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Ravell Call, Deseret Morning News
John Garman moves a resident's belongings to a new apartment as part of his job. He has no Social Security number.

John Garman's dream might not seem like much. But for someone who has spent nearly a decade struggling to prove his nationality, the possibility of being able to hold a valid Utah ID is priceless.

"I'm working under the table," said Garman, who for years has lived essentially without a country. "I don't have a life outside of keeping my head above water."

Garman, 33, was adopted by an American family as a child. Yet he hasn't been eligible to apply for citizenship because of a felony conviction at age 18 for a string of burglaries. And he has no official record of his actual birth. His only photo identification is his prison ID.

For years, the only evidence Garman has had of his birth was a delayed registration of birth — issued in Merced County, Calif., when he was adopted — which said he was born in Tijuana, Mexico. But that was never verified, according to the Merced County Human Services Agency.

"Because of this error, the minor is a person without a country. He is unable to obtain citizenship in any country at this time," the agency said in a petition filed in court last year, seeking to remove Tijuana from Garman's record.

The statement could be true, since in order to prove Mexican citizenship he would need a document issued in that country, according to the Salt Lake Mexican Consulate.

But all that is set to change. As a result of Garman's petition, the California Department of Public Health is issuing him a new delayed birth registration, which shows Livingston, Calif., as Garman's birth place.

He hopes to be able to use that to get a valid Social Security number and with it an American identity.

"My situation makes me unique, it makes me who I am," he says. "If I survived this long, imagine what I can do with a Social Security number."

But even with the new birth certificate, Garman says his troubles aren't over. He's facing a misdemeanor domestic violence charge after an alleged altercation with his now ex-girlfriend.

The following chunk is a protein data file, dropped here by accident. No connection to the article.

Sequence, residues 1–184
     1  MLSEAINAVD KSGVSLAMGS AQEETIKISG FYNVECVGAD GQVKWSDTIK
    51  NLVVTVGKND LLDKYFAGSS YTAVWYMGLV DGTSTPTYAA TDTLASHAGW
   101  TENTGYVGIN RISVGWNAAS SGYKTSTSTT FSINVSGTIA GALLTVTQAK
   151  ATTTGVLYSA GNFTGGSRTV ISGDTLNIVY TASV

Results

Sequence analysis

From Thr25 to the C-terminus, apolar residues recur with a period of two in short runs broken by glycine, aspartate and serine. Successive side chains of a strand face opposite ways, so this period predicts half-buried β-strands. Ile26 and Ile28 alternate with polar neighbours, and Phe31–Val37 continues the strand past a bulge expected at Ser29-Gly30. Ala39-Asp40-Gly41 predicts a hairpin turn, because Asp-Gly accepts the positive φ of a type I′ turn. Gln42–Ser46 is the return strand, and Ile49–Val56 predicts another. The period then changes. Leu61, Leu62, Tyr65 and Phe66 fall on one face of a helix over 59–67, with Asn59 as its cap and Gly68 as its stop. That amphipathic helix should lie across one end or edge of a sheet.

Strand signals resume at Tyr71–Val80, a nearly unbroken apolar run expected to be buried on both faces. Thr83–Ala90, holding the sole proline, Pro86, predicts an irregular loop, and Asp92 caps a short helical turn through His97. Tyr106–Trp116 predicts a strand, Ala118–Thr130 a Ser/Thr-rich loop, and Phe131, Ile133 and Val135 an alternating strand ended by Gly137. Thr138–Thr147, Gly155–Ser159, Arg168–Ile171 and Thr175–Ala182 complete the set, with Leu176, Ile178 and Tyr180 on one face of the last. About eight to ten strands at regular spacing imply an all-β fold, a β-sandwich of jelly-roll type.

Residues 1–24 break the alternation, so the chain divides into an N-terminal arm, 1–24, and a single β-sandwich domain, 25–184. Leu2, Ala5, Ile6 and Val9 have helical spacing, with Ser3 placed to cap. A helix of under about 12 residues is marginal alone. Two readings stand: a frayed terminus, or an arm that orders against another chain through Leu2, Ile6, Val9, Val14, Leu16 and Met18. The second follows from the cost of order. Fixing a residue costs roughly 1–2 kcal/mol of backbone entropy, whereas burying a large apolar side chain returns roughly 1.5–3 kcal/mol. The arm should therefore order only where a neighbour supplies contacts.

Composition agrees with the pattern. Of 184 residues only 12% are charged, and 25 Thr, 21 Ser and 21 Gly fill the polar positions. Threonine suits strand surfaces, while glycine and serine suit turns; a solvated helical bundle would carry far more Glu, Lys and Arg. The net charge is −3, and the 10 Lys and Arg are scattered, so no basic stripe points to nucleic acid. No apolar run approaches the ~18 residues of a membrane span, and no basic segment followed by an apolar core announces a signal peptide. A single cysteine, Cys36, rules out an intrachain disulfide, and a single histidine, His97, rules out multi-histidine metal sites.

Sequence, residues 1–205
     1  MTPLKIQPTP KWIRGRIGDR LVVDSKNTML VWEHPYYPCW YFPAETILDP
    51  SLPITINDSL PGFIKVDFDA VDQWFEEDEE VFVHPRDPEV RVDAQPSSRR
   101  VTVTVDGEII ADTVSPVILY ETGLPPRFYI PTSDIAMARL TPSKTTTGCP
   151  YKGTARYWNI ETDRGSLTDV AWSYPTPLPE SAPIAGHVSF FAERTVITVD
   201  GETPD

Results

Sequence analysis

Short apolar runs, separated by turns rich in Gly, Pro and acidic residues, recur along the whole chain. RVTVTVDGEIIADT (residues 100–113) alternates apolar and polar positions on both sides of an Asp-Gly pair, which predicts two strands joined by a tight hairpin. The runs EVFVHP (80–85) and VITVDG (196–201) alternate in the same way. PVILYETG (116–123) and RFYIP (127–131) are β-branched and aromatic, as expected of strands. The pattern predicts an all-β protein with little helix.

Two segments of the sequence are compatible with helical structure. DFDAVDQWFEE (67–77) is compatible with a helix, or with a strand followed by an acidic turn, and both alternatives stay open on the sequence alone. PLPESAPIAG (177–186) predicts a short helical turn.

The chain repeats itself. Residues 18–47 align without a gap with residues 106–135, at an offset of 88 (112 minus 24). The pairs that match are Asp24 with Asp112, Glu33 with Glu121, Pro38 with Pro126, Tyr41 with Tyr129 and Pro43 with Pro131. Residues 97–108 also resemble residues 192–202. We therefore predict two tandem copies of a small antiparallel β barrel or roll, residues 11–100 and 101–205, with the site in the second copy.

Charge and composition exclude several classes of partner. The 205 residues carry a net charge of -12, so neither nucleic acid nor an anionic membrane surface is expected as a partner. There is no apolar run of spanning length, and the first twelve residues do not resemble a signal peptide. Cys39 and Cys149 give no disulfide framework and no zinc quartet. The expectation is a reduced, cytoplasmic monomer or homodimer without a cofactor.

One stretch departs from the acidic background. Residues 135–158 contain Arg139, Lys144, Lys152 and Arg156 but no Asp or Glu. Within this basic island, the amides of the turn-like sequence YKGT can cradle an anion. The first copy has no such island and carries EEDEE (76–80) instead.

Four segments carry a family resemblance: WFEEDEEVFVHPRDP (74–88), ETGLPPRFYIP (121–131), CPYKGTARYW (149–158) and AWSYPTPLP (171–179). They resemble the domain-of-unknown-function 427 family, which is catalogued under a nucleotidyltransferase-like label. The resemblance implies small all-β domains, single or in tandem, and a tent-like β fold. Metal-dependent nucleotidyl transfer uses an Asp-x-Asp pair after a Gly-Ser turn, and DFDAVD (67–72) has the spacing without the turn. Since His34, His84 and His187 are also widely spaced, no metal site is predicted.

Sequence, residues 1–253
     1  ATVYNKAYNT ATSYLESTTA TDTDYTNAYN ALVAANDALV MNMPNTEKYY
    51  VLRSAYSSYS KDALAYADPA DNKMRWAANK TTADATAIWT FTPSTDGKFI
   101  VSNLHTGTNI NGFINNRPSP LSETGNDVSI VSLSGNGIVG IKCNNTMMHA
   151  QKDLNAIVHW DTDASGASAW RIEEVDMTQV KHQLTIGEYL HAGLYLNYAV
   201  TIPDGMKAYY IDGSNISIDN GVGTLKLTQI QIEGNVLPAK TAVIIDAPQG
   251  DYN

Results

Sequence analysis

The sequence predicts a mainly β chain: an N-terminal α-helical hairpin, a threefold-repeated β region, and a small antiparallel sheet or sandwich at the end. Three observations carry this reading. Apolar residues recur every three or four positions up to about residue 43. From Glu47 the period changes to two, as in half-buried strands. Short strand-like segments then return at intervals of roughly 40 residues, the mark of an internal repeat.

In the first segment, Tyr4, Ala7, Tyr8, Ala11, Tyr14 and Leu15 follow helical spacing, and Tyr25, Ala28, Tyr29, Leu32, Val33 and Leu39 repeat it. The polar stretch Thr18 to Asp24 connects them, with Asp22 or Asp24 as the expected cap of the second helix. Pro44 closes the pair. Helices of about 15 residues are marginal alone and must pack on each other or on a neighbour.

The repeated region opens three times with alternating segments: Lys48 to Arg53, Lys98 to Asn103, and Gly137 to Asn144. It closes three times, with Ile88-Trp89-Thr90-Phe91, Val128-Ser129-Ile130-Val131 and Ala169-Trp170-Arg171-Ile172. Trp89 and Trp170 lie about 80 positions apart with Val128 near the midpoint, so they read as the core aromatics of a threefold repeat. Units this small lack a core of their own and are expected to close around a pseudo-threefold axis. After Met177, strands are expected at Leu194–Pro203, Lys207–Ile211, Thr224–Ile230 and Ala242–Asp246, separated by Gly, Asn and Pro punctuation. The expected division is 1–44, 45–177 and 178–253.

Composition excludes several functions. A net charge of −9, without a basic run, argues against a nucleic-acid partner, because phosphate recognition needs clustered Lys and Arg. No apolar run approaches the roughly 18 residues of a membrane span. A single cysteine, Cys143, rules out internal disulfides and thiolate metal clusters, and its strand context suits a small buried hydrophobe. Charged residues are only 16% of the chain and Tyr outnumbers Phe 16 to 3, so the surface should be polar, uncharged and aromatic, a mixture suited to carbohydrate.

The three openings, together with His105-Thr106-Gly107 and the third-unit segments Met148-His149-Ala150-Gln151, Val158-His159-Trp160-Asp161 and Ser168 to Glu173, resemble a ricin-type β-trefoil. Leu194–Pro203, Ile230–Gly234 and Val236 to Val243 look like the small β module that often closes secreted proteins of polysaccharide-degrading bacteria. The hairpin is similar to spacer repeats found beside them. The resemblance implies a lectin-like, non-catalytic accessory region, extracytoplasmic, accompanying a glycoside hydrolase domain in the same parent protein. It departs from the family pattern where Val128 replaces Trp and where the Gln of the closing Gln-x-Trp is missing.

He worries now that after losing so much time, he could lose even more. If convicted, he faces up to six months in jail and a fine up to $1,000.

"I did seven years (incarcerated), and that scared me enough, realizing that's time wasted," he says. "I've been doing this for (another) eight years. My life's gone. I don't want to lose any more of it."

For now, Garman carries his life in a black zipper-binder. Everything from records of his immunizations and report cards from grade school to copies of various applications he's filed to try to gain some status. There are also tattered notes he's written to himself, along with business cards and hand-jotted phone numbers for attorneys and congressmen.

For eight years, he's been drifting. Living with friends, following jobs from California to Oregon to Oklahoma to Utah.

For now, he's living with a married couple, who asked not to be identified because his felony record prevents them from adding him to the lease.

His roommate, who met Garman at a barbecue, admits that when she first saw Garman, "he was kinda scary looking."

But after learning his story and discovering his personality — and cooking skills — she quickly became a friend.

"I love him to death," she said. "He's like my angel ... I can't wait to see what he's going to be when he gets that (birth registration)."

Garman did not realize he wasn't a citizen until 1999, when he unsuccessfully attempted to obtain a Social Security number so he could get a job as a condition of his parole. He's been trying to prove he's a citizen ever since.

"You get your hopes up so bad," Garman sighed. "You found this, you found that ... everything's been denied. ... The ups and downs, I get my hopes up so much."

If you're wondering how someone can end up in this predicament, flash back to 1979. That's when a baby sitter turned a 4-year-old boy over to authorities, saying his mother had not returned for him after four days.

At that point Garman, whose birth name was apparently Raul Lopez, was placed in protective custody. A few days later, his mother, Raquel Lopez, reappeared, according to his adoption records. She wanted to reclaim her son, and it looked like she was taking steps in that direction. However, after a visit to her son at a foster home, Raquel wasn't seen or heard from again.